Resources at UNC Libraries

North Carolina Collection, Wilson Library

http://www.lib.unc.edu/ncc/

The North Carolina collection contains a vast collection of printed, visual, and artefactual objects focused on the history of North Carolina as well as UNC Chapel Hill. Resources relating to African Americans include newspapers (including copies of Black Ink published by the Black Student Movement at UNC), meeting minutes of the Baptist Association, yearbooks from black high schools, publications from historically black colleges and universities, and published works from enslaved poet George Moses Horton.

North Carolina Collection Photographic Archives, Wilson Library

http://www.lib.unc.edu/ncc/photos.html

The NCC Photographic Archives current holdings total an estimated 1.5 million images that include examples of all major formats from the daguerreotype of the 1840s to the contemporary. A number of these images depict African Americans across North Carolina. A few notable collections include:

  • Billy Barnes Collection: Barnes was the Public Relations Director (and official photographer) of the North Carolina Fund, a state-chartered, non-profit corporation established by Governor Terry Sanford in late 1963 to seek new ways to address the problem of poverty in North Carolina. Photographs include depictions of life in the black community of Durham in the 1960s; Civil Rights; Youth Educational Services; Howard Lee’s campaign for mayor.
  • Edward J. McCauley collection: ¬†McCauley was a reporter for the Burlington Times. Included are images of tobacco markets, African American draftees in the Korean War, and Jordan Sellars (an African American high school).
  • Misc. Subject Images Collection: Includes images of African American politicians, agricultural laborers, and general images of African Americans.
  • Hugh Morton Collection: Includes photos of laborerer; musicians; the Pender County Training School; sports; politics (including images of Shirley Chisolm and Coretta Scott King and the Democratic National Convention); the Ku Klux Klan. A number of these images are in the digital collection of Morton photographs. Click here to access the online images.
  • Don Sturkey collection: Sturkey was the chief photographer for the Charlotte Observer for 34 years. Images include noted personalities such as Louis Armstrong, James Brown, and Rev. “Sweet Daddy” Grace; school desegregation and busing in Charlotte; Ku Klux Klan marches; NAACP events; John F. Kennedy; Johnson C. Smith students; NBA games in the 1980s

Rare Book Collection, Wilson Library

http://www.lib.unc.edu/rbc/

The Rare Book Collection contains a number of materials related to African American literature as well as other subject areas. Some collections of note include:

  • The Travel Collection: Includes writing from African Americans travelers like Amanda smith.
  • General Collections: The LC collections include slave narratives, publications of abolitionists and other benevolent societies, as well as civil rights and social justice publications extending to the 21st century.
  • Southern Pamphlet Collection: Topics include anti-lynching, early reports of some historically black colleges and universities, inter-racial organizations, women’s groups, etc.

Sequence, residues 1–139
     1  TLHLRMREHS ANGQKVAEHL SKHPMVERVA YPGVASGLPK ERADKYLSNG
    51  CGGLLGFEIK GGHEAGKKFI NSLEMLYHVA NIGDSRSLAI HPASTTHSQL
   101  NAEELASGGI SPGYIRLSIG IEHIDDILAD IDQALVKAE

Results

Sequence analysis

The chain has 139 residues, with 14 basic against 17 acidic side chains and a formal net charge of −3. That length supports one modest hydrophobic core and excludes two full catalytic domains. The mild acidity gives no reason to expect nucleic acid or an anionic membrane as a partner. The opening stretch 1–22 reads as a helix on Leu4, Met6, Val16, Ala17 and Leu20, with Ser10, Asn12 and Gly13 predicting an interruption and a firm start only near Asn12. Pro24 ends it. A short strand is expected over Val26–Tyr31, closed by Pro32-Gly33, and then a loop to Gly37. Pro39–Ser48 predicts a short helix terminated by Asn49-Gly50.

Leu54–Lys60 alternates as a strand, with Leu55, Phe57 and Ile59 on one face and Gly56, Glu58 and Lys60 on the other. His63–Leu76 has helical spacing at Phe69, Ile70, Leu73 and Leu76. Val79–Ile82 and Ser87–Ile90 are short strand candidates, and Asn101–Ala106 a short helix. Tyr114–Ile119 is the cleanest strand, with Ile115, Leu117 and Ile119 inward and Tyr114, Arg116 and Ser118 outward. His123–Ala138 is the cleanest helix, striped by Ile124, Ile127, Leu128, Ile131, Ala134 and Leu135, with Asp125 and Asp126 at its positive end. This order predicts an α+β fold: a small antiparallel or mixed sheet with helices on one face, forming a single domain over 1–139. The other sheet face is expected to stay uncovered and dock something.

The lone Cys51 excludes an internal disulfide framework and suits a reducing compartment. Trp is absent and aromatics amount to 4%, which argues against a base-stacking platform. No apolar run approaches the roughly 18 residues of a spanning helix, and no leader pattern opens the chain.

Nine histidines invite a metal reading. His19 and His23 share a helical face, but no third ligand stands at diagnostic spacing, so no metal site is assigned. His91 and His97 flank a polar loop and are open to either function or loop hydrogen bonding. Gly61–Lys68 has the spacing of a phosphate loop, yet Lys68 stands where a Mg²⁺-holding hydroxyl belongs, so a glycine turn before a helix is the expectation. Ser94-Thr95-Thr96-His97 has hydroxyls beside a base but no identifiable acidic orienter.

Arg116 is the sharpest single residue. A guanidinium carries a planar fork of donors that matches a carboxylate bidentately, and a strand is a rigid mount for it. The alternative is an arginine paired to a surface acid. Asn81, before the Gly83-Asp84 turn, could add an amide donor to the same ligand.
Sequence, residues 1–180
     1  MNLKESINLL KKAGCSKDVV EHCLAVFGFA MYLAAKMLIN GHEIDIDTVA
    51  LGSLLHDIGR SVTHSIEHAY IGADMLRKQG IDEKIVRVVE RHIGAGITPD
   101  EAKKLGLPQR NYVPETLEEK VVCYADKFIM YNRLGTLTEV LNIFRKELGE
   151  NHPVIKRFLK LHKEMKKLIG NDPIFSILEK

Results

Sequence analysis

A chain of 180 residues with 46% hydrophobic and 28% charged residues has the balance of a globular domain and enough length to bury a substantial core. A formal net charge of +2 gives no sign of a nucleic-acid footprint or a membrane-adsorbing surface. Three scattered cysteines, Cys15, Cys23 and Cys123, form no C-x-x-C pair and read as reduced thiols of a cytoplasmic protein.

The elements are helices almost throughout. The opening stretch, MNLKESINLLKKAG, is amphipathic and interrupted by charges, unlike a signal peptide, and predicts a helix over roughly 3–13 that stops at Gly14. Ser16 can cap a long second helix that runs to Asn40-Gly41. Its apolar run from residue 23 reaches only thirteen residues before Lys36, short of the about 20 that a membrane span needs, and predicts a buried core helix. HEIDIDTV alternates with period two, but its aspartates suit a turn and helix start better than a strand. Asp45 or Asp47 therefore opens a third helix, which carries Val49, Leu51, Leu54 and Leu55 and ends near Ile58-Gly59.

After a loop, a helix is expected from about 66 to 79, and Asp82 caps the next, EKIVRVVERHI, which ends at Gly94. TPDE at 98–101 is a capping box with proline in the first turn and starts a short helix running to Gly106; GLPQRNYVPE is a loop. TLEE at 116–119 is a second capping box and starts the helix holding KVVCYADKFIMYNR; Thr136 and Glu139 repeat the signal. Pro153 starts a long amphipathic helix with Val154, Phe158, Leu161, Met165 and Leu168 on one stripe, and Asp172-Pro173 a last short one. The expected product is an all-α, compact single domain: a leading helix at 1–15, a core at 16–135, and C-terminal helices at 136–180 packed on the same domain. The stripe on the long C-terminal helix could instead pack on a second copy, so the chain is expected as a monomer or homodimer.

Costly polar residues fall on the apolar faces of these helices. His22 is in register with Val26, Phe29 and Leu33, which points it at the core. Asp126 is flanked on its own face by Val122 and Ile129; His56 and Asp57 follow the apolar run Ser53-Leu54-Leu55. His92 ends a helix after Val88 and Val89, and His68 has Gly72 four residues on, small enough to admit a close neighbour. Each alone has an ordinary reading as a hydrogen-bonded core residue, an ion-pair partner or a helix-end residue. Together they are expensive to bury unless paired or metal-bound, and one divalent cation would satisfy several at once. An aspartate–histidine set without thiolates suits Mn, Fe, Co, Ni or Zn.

Stone Center Library

http://www.lib.unc.edu/stone/

The library in the Stone Center for Black Culture & Historygathers works on the African American experience, Africa, and the African Diaspora, with a focus on the social sciences and humanities. The library has a small collection of print periodicals, and provides access to a wide array of electronic journals and databases. Click here for more information on subject and research guides available through the Stone Center library.

University Archives, Wilson Library

http://www.lib.unc.edu/mss/uars/index.html

The University Archives documents African-American students and faculty through administrative records as well as the desegregation of both the Chapel Hill campus and the UNC system. Some relevant record groups include:

  • Office of the Chancellor (1919-1988): includes documentation on campus desegregation.
  • Office of the Chancellor. Assistants to the Chancellor: Bentley Renwick series (1977-1978): includes proposal for UNC-CH campus recruitment and retention of minority students.
  • Graduate Studies and Research. Associate Dean/Special Assistant to the Dean of the Graduate School (1969-1981): includes correspondence and files pertaining to the recruitment of minority students.
  • Student Affairs. Office of the Vice Chancellor for Student Affairs (1920-1990): includes information on student admissions.
  • Office of the President: Frank Porter Graham files (1932- 1949): Graham was the first President of the Consolidated University of North Carolina; his files contain records relating to desegregation.
  • Office of the President: William C. Friday files (1957- 1986): contains files pertaining to desegregation and the related lawsuit filed by the U.S. Department of Health, Education, and Welfare. Also includes files pertaining to the Black Faculty and Staff Caucus and the Black Student Union.
  • Black Faculty and Staff Caucus Records: Contains files related to the founding of the Caucus in 1974 and correspondence, photographs, and other documentation related to the goals of the Caucus, which includes¬†promoting affirmative action, recruitment and hiring of African Americans, racial justice and awareness, and equal opportunities for all minority members of the university community.

The exhibit Slavery and the making of the University also document the role enslaved and free African Americans had in building the University, using documents from University Archives and the Southern Historical Collection. Click here to see the online exhibit.

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